Other authors include: Can Qin, Stefano Ermon, Yun Fu
GlueGen was accepted by ICCV.
In the rapidly advancing field of text-to-image synthesis, the remarkable progress in generating lifelike images from textual prompts has been evident. However, a significant challenge remains: how can we seamlessly integrate powerful pre-trained text encoders into existing image generators without the need for time-consuming and resource-hungry retraining? This is where "A Plug-and-Play Approach for X-to-Image Generation" comes into play, an article presenting the groundbreaking GlueNet framework. This innovative solution offers a flexible way to "glue" new components, such as advanced text encoders or even audio models, into existing generators. By bridging the gap between different modalities, GlueNet paves the way for enhanced text understanding, multilingual capabilities, and the incorporation of new input types like sound. Delve into this article to discover how GlueNet is revolutionizing the future of generative models.
Text-to-image (T2I) synthesis, generating photorealistic images from text prompts, has witnessed a tremendous surge in capabilities recently. Models like Imagen, Stable Diffusion, and DALL-E-3 can produce impressively high-quality and diverse images guided by input descriptions. These breakthroughs are powered by advances in deep generative models, especially diffusion-based approaches. A critical aspect of this progress involves conditioning the model on textual or other modal inputs at each denoising step enable control over the generated image content. The text prompt guides the model to reconstruct an image matching the description. This conditional diffusion approach has proven highly effective for text-to-image generation.
Nevertheless, existing models exhibit a high degree of coupling between their encoders and decoders. The text encoder is specifically optimized to produce embeddings suited for the latent representation of that particular model. This makes it quite difficult to improve or modify components of the system. For example, directly replacing the text encoder with a more powerful pre-trained model fails because its representations mismatch the latent space the diffusion decoder expects.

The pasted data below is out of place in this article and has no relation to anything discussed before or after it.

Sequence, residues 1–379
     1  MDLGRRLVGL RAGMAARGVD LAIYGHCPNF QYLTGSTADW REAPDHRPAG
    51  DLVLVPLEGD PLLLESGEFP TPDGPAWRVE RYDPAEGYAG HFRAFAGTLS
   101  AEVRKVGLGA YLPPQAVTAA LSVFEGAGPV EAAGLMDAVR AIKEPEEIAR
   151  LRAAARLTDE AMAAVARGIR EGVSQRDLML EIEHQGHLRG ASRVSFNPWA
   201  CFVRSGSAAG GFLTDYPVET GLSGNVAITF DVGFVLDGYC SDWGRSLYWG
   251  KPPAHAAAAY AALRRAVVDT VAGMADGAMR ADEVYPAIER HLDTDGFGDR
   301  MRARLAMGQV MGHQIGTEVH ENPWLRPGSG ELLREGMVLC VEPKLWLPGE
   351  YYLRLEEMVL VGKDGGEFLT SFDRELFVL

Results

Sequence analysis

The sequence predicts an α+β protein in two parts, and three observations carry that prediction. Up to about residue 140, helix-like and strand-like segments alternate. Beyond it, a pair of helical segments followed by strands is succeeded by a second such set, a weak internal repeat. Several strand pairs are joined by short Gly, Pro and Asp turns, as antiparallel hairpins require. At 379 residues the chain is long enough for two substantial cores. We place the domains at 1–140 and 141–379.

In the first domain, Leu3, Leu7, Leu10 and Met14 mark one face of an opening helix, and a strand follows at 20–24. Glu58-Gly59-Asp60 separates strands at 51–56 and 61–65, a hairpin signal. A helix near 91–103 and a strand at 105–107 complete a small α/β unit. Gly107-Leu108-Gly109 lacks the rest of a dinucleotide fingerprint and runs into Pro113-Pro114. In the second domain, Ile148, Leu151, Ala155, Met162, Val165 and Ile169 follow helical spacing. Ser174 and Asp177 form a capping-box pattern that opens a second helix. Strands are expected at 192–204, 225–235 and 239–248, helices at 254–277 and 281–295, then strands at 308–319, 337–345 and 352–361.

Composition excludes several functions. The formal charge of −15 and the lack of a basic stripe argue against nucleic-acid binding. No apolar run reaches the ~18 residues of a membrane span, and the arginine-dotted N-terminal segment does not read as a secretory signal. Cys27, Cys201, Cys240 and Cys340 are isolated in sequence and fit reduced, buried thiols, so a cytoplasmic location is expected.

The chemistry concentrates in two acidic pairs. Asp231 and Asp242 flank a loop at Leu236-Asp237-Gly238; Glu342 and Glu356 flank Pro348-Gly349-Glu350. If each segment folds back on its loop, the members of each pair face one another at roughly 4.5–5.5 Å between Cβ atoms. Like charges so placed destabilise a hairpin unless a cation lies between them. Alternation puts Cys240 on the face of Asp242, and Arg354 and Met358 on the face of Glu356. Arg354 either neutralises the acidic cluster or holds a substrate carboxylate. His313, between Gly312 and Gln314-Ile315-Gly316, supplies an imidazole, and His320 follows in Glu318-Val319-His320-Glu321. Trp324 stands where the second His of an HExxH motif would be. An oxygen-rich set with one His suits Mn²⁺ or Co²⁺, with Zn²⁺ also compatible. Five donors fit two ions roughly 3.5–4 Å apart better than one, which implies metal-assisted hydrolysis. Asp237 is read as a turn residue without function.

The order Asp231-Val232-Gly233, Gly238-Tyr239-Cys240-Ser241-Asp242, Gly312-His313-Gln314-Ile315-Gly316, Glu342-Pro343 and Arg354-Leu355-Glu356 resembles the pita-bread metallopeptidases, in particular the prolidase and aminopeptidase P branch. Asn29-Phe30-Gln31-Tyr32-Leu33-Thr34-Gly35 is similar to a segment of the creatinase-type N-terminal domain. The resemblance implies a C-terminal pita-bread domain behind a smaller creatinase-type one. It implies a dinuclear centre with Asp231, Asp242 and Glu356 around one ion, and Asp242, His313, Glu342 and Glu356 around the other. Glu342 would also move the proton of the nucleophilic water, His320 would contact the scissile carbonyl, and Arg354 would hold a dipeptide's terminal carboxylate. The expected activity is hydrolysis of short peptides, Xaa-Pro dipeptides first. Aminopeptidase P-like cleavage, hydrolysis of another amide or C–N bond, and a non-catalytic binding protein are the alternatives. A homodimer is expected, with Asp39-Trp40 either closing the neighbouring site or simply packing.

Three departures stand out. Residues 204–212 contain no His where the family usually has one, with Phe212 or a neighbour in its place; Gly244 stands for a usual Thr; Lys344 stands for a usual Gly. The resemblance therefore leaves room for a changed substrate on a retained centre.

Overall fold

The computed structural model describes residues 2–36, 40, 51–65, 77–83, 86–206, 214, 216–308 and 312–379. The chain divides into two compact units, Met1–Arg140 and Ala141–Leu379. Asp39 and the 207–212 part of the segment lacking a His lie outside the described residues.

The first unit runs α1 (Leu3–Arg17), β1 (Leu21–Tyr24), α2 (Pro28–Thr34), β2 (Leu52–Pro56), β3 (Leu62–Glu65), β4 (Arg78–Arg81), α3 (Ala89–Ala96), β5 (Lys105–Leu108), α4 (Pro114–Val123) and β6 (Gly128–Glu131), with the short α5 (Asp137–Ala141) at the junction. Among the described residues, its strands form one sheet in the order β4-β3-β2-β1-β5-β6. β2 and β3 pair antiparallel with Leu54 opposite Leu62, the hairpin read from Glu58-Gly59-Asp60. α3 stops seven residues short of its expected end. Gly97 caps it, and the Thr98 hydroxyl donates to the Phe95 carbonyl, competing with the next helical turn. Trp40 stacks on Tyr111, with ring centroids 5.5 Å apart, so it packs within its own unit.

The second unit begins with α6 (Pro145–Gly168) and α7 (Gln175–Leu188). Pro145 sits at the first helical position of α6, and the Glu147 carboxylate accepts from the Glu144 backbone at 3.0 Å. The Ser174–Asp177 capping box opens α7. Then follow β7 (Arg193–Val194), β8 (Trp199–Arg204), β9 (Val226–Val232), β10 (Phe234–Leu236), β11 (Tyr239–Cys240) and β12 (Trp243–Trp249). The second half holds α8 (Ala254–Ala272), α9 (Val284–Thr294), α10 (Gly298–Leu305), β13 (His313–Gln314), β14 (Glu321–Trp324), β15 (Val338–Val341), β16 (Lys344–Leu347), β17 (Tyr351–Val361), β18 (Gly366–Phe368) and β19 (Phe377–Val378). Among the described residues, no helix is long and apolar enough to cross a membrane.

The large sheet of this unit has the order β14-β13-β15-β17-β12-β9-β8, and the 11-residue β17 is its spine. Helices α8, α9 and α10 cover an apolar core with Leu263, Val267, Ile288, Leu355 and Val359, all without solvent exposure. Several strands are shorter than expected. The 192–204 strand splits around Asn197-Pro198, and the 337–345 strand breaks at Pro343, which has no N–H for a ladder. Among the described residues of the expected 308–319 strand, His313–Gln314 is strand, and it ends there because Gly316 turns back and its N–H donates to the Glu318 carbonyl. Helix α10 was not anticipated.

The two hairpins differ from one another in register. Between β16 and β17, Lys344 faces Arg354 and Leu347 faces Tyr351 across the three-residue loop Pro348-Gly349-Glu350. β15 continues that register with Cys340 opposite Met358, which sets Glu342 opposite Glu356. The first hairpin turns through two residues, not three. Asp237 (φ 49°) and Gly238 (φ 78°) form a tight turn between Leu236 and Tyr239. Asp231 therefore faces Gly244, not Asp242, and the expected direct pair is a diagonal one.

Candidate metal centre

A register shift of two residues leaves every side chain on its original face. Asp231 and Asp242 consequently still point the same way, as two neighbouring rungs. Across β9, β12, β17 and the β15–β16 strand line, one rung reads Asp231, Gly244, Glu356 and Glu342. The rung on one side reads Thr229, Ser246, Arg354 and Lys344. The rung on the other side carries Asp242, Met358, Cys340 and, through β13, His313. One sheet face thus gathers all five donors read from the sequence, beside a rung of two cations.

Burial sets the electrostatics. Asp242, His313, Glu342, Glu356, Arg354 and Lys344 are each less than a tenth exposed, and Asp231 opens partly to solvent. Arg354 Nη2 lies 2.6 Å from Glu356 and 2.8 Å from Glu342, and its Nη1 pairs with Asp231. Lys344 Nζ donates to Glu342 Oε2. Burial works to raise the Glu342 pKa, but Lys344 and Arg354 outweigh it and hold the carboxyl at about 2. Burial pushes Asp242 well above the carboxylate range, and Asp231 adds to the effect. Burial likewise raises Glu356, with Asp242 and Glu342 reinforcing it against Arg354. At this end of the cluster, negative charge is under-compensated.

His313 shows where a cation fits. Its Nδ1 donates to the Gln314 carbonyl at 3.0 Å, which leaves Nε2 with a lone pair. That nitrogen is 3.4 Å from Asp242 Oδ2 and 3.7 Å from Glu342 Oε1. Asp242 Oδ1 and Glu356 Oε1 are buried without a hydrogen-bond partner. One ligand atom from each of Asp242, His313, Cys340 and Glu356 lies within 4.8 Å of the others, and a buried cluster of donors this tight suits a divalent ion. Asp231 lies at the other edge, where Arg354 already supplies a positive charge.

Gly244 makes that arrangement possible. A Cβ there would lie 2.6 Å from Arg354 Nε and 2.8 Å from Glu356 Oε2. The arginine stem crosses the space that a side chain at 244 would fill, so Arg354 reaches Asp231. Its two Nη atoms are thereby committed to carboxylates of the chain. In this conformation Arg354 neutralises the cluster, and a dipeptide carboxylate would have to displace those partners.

Substantial model retraining would be required to adapt the text and image pathways to the new representation space. But this is time-consuming, data-hungry, GPU-hungry, and not eco-friendly. Retraining the full model end-to-end quickly becomes prohibitively costly. This severely hinders iterating on and enhancing text-to-image models.
The goal is to facilitate seamless plug-in of off-the-shelf pre-trained components like text encoders, audio encoders, point cloud encoders, etc. into existing generators without modification. This would allow for enhancing text with better language understanding, adding multilingual capabilities, and incorporating new modalities like sound. Critically, this needs to be achieved without expensive end-to-end retraining.